Landscape resistance to dispersal: simulating long-term effects of human disturbance on a small and isolated wolf population in southwestern Manitoba, Canada
Astrid V. Stronen, Nathan H. Schumaker, Graham J. Forbes, Paul C. Paquet and Ryan K. Brook
Stronen, A.V., N.H. Schumaker, G.J. Forbes, P.C. Paquet and R.K. Brook . Landscape resistance to dispersal: simulating long-term effects of human disturbance on a small and isolated wolf population in southwestern Manitoba, Canada. Environ Monit Assess. DOI 10.1007/s10661-011-2469-9
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Landscape fragmentation affects wildlife population viability, in part, through the effects it has on individual dispersal. In addition, some forms of human disturbance impinge on dispersal without physically fragmenting habitats. Here, we use the term “landscape resistance” to capture constraints to dispersal that cannot be linked directly to fragmentation.
The extent to which landscape resistance can influence population persistence is not well understood. Agricultural development over the past 60 years has resulted in considerable habitat fragmentation in the Riding Mountain National Park (RMNP) region in southwestern Manitoba, Canada. We examined how park boundaries, roads outside park boundaries and negative human attitudes have altered dispersal success and population persistence. We examined whether stochastic disturbance, representing infectious disease epidemics, further reduced long-term population persistence for various scenarios. Finally, we assessed whether the simultaneous occurrence of the three features had additive effects. We simulated dispersal using HexSim, a spatially explicit individual based population model, parameterised with data on wolves (Canis lupus) in the RMNP region.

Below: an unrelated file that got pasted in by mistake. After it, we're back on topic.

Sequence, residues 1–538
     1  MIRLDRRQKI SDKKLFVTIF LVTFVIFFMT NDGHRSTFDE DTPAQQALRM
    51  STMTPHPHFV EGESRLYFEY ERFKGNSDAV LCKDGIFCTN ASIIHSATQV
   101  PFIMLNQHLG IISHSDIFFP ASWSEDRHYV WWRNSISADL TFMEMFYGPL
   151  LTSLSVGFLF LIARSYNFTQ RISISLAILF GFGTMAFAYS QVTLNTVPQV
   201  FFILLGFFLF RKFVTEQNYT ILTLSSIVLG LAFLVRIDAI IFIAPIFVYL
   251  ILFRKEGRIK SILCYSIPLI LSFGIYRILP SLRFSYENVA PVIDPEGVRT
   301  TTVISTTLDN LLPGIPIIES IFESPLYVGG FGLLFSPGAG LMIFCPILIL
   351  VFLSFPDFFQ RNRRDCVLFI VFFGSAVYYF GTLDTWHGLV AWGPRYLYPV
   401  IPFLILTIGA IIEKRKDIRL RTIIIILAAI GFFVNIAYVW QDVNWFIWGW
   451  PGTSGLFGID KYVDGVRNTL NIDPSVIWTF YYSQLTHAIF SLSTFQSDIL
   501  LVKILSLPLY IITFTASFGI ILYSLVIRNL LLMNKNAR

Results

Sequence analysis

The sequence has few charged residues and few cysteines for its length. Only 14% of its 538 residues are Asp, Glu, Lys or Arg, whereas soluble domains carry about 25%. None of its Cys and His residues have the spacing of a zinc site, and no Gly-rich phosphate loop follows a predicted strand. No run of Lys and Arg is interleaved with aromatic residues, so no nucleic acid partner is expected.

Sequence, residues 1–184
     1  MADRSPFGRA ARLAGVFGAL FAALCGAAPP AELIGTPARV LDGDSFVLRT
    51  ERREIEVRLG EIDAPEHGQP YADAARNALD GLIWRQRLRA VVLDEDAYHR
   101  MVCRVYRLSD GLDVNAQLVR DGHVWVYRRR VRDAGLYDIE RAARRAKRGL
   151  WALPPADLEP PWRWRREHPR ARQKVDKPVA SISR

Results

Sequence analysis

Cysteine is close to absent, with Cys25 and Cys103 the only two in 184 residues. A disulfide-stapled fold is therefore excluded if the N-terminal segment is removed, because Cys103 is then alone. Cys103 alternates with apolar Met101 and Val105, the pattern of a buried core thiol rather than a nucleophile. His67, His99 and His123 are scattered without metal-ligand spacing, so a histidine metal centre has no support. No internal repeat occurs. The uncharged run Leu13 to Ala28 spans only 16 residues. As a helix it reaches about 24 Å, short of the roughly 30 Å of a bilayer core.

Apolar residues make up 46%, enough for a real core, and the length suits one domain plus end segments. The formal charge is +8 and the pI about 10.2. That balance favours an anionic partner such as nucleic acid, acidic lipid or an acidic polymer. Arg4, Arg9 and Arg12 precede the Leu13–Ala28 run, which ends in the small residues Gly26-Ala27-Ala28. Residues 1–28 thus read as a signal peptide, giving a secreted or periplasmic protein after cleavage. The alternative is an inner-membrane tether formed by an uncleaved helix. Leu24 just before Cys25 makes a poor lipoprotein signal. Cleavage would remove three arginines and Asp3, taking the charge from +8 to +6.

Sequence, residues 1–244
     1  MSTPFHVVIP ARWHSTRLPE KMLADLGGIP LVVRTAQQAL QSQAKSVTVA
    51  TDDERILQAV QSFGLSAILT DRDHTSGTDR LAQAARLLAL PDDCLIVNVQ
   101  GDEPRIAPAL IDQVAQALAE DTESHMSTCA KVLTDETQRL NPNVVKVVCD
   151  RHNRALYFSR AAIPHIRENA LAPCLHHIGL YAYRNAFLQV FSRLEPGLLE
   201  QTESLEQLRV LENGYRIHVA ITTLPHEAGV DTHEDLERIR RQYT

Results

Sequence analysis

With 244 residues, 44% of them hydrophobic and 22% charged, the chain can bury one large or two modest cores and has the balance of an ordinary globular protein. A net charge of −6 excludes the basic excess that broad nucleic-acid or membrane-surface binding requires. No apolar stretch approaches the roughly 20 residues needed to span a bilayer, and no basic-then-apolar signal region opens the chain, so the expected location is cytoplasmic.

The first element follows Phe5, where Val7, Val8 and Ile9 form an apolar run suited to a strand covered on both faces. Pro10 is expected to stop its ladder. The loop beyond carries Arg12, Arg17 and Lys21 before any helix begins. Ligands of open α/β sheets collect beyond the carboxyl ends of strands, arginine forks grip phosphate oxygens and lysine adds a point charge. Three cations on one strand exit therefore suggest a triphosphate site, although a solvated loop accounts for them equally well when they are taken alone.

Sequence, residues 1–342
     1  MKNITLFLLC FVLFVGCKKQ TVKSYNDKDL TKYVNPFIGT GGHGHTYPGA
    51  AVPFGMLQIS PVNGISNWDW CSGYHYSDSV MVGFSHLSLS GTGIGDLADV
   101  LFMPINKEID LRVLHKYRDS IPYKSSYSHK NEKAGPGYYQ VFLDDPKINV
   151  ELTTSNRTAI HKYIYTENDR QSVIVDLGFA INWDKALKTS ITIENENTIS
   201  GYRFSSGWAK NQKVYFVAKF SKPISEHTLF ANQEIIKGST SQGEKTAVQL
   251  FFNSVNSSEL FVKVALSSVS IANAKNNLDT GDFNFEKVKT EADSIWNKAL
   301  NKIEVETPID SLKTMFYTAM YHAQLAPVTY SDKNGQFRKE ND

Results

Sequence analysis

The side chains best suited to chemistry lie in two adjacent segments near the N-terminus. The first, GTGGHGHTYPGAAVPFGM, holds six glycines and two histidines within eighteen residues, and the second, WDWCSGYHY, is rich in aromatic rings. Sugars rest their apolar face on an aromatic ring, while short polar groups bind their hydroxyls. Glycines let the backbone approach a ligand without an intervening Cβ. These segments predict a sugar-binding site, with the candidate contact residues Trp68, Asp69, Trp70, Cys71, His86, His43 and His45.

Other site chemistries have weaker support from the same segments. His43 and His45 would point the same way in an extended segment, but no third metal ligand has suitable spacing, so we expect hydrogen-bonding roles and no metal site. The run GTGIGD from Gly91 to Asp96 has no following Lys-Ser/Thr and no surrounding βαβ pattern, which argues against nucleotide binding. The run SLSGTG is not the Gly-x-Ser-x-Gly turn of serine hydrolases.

Simulations that separately accounted for negative human attitudes and roads outside the park boundaries exhibited lower mean population size than those that ignored these details. Increasing deflection from park boundaries did not appear to have significant impacts.
Our results did not indicate the presence of additive effects, and scenarios incorporating all three features had similar results as that of roads. Stochastic disturbance further reduced mean population size. Our results do illustrate how less-visible human disturbances (i.e. those that do not clearly alter landscape characteristics) can significantly limit dispersal and population persistence.